With diesel accounting for two-fifth of refined fuel consumption, this ban, if it comes into effect, could significantly bring down emissions
As per a recent post on the Oil Ministry website, cars and heavy vehicles running on diesel need to be phased out. The ban on diesel powered four wheelers could be introduced across major cities in India by 2027.
India is among other nations that have targeted zero emissions and intends to significantly reduce carbon emissions by 2070. However, at the other end of the spectrum, India’s dependence on fossil fuel such as coal, diesel and petrol cannot be overlooked. It will take tremendous initiatives and efforts along with stringent regulations to achieve this goal.
Ban on diesel four-wheeler vehicles
Electrification is the only answer to ensure that this ban is a success. A special panel formed by the Ministry of Petroleum and Natural Gas known as the Energy Transition Advisory Committee and headed by former Oil Secretary, Tarun Kapoor, has been set up for this purpose. Kapoor had stated that no diesel buses should be added to the fleet from 2024 onwards. Impetus will be allotted to electric vehicles with added initiatives for manufacturers of electric vehicles and towards the Faster Adoption and Manufacturing of Electric and Hybrid Vehicles scheme (FAME).
It may be recalled that the FAME scheme was introduced in April 2015 under the National Electric Mobility Mission. It provides financial support and other benefits so as to encourage purchase of electric and hybrid vehicles.
Over the last couple of years, the Indian government has drafted policies and plans like the FAME (scheme) with the aim to achieve 30 per cent EV sales penetration for cars, 70 per cent for commercial vehicles and 40 per cent for buses as well as 80 per cent for two- and three-wheelers by 2030, it said.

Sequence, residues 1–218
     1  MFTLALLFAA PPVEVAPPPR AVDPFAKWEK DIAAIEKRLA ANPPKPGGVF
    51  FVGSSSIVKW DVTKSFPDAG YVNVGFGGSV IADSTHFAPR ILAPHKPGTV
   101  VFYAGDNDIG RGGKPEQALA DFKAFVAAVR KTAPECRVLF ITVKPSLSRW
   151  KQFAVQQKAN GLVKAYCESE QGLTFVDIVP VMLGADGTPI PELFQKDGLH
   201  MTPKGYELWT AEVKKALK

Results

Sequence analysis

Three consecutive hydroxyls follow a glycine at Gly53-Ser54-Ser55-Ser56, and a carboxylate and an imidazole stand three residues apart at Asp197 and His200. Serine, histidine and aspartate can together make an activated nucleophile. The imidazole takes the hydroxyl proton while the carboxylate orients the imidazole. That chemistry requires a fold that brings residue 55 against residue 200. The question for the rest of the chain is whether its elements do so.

Suggestions by the Panel
The panel has suggested use of electric vehicles for city deliveries, use of railways and gas powered trucks for movement of cargo and a complete ban on diesel cars and buses, all of which will go a long way in cutting down carbon emissions. The panel also added that all long distance buses and the railway networks should be fully electric in the next 2-3 years.
Suggestions have also been put forth building of underground gas storage facilities that would be sufficient to 2 months of demand. This demand is set to increase at an average rate of 9.78 percent by 2050. For this storage purpose, the panel suggests use of depleted oil and gas fields, salt caverns and aquifers.
India is well on its way to achieving this goal. Electric vehicle sales are already on the rise in India. It is set to cross the 1 crore sales by 2030. It is likely to continue at this same or accelerated pace through the decade, particularly so due to development of new infrastructure, several government incentives and launch of new EV models.